Firewalld - Zone


A zone is a grouping of rule configurations known as zone option.

A firewall zone is defined for:

This is a one-to-many relation:

  • A connection, interface, or source can only be part of one zone
  • A zone can be used for many network connections, interfaces, and sources.

It separates them into different levels of trust.



Options Values

firewall-cmd --list-all
public (active)
  target: default
  icmp-block-inversion: no
  interfaces: eth0
  services: dhcpv6-client mdns ssh
  ports: 8999/udp
  forward: yes
  masquerade: no
  rich rules:

where you can see:

firewall-cmd --add-forward       # Enable forwarding of packets between interfaces and sources in a zone
firewall-cmd --remove-forward    # Disable forwarding of packets between interfaces and sources in a zone
  • masquerade - optional (not usable for IPv6), if present masquerading (a form of address translation) is enabled for the zone.
  • forward-ports is forward ports. It can be used several times to have more than one port or packet forward entry. (IPv4 only, rich language rules should be used for IPv6)
  • rich rules are the rich rules

Options Storage

The predefined zones are stored in the /usr/lib/firewalld/zones/ directory and can be instantly applied to any available network interface. These files are copied to the /etc/firewalld/zones/ directory only after they are modified.


cat /usr/lib/firewalld/zones/public.xml
<?xml version="1.0" encoding="utf-8"?>
  <description>For use in public areas. You do not trust the other computers on networks to not harm your computer. Only selected incoming connections are accepted.</description>
  <service name="ssh"/>
  <service name="dhcpv6-client"/>



firewall-cmd --get-zones

Predefined zones

The standard output is:

block dmz drop external home internal public trusted work

The are predefined zones 2)

From least trusted to most trusted, the predefined zones are:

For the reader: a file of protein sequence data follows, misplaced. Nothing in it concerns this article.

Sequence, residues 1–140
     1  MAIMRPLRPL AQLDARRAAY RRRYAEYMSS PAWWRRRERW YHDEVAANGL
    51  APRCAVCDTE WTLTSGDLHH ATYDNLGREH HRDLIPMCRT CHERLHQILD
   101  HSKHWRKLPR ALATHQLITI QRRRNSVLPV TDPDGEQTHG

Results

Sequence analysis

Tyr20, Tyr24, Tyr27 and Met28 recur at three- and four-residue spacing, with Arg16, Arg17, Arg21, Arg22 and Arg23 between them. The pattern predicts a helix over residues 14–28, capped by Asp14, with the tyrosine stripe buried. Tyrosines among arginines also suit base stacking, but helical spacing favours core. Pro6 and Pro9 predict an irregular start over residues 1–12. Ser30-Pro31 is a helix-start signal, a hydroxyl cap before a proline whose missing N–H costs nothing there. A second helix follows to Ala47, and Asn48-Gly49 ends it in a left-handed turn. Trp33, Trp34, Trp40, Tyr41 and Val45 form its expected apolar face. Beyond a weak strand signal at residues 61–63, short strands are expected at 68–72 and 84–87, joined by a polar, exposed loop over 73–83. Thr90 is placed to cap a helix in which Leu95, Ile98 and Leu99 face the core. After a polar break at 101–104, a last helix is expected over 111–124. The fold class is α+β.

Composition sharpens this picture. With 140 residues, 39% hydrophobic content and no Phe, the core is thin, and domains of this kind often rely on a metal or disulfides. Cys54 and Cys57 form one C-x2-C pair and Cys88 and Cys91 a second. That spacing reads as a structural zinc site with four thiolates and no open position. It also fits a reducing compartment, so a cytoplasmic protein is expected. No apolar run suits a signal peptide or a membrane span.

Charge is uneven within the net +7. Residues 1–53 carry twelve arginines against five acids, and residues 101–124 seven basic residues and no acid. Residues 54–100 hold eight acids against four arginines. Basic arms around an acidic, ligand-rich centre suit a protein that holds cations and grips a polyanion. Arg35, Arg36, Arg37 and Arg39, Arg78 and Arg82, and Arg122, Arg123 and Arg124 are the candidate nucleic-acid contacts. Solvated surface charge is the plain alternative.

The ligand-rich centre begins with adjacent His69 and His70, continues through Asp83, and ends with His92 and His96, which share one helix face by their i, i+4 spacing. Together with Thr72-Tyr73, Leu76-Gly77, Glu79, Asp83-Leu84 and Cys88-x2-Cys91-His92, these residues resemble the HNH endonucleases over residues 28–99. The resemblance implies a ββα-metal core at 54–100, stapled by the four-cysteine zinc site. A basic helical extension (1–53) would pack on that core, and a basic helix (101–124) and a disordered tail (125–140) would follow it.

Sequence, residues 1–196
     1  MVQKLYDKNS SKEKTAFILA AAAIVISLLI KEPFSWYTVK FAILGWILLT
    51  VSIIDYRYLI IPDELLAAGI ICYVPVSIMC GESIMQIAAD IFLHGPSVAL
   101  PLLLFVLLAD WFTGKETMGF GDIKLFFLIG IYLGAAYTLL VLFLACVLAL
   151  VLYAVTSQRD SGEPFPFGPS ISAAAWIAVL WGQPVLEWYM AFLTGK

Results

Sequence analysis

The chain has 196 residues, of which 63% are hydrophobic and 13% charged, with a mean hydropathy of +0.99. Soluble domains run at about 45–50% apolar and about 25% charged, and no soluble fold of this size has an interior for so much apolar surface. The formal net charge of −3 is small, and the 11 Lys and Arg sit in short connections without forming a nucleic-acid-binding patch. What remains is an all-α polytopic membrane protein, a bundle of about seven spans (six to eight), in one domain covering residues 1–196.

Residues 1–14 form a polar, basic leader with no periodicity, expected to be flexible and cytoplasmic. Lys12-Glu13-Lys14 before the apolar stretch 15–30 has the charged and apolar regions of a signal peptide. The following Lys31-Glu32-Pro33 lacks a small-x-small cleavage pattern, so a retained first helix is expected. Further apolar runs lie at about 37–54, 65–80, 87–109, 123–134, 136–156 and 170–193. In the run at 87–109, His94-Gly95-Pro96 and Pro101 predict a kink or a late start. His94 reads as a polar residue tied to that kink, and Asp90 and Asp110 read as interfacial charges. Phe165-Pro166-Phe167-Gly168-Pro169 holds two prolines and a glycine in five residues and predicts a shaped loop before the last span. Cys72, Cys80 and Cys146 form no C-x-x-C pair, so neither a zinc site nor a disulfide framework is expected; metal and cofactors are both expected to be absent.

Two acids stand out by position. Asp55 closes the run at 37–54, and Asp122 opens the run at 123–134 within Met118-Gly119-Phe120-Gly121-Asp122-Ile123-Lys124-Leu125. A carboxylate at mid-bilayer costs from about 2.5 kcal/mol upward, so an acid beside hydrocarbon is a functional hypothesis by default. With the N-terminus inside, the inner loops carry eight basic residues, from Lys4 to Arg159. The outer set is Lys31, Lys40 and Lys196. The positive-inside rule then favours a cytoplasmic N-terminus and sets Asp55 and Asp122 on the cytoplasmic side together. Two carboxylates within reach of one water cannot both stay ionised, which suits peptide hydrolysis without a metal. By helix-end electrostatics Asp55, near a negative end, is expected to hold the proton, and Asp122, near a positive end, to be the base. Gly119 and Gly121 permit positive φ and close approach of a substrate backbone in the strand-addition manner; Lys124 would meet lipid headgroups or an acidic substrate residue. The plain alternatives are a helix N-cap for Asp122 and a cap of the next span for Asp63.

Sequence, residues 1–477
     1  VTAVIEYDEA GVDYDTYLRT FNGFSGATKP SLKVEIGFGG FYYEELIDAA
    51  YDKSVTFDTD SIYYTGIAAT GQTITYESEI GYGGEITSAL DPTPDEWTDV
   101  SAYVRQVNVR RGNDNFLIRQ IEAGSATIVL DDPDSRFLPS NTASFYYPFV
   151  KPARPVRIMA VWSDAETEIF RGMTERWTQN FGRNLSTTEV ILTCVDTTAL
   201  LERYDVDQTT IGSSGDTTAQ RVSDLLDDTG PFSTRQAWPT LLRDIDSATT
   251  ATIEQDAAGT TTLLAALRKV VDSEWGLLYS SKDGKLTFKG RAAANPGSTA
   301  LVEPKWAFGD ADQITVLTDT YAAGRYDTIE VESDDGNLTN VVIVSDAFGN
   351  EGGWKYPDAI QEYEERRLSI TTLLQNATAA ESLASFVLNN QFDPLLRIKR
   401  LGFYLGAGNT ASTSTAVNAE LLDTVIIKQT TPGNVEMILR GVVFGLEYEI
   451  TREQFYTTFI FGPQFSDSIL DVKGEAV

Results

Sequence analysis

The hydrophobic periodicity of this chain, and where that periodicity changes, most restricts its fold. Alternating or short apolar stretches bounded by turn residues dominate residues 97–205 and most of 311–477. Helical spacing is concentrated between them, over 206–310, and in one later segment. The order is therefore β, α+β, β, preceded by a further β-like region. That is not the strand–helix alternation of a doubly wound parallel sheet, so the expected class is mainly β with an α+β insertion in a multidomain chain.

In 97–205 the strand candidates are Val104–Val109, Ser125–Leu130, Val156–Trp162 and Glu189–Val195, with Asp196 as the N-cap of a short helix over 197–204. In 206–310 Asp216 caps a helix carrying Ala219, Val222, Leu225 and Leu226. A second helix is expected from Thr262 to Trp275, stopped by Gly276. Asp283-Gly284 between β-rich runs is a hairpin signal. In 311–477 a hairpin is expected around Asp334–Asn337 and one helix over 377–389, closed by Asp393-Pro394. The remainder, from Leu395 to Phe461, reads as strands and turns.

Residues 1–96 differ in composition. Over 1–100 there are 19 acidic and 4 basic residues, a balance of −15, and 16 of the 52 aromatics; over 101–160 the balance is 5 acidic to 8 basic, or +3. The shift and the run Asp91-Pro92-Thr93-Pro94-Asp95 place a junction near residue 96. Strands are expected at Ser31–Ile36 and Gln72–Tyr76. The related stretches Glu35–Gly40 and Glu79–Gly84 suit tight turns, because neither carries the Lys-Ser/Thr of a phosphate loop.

• drop: The lowest level of trust. All incoming connections are dropped without reply and only outgoing connections are possible.
  • block: Similar to the above, but instead of simply dropping connections, incoming requests are rejected with an icmp-host-prohibited or icmp6-adm-prohibited message.
  • public (default): Represents public, untrusted networks. You don’t trust other computers but may allow selected incoming connections on a case-by-case basis.
  • external: External networks in the event that you are using the firewall as your gateway. It is configured for NAT masquerading so that your internal network remains private but reachable.
  • internal: The other side of the external zone, used for the internal portion of a gateway. The computers are fairly trustworthy and some additional services are available.
  • dmz: Used for computers located in a DMZ (isolated computers that will not have access to the rest of your network). Only certain incoming connections are allowed.
  • work: Used for work machines. Trust most of the computers in the network. A few more services might be allowed.
  • home: A home environment. It generally implies that you trust most of the other computers and that a few more services will be accepted.
  • trusted: Trust all of the machines in the network.

Assign to connections, interfaces, and source addresses

It is possible to assign (or bind) zones to 3):


To configure or add zones 4), you can use any of the following firewalld configuration interfaces:

  • Graphical configuration tool firewall-config
  • Command line tool firewall-cmd
  • Programmatic D-BUS interface.
  • Edit configuration files 5). Create, copy, or edit a zone file in one of the configuration directories:
    • /etc/firewalld/zones for user created and customized configuration files.
    • /usr/lib/firewalld/zones for default and fallback configurations only.

List properties

  • List the properties of a specified zone
firewall-cmd --zone=public --list-all
  • List all zones
firewall-cmd --list-all-zones


To be active a zone should be assigned to an zone_and_network_interface.

firewall-cmd --get-active-zones

Default Zone

The default zone is the zone used in every command if the zone is not specified.

  • Get (By default public)
firewall-cmd --get-default-zone
  • Set
sudo firewall-cmd --set-default-zone=public

On the file system, it is defined in the service configuration file


Zone and Network Interface

  • Set a zone to a network interface
firewall-cmd --permanent --zone=public --change-interface=interfaceName
# example
firewall-cmd --permanent --zone=public --change-interface=eth0
# reload
systemctl reload firewalld
  • List
firewall-cmd --get-active-zones
  interfaces: eth0

How to set a target

firewall-cmd --zone=zone-name --permanent --set-target=<default|ACCEPT|REJECT|DROP>

where: accept, reject and drop are actions

Discover More

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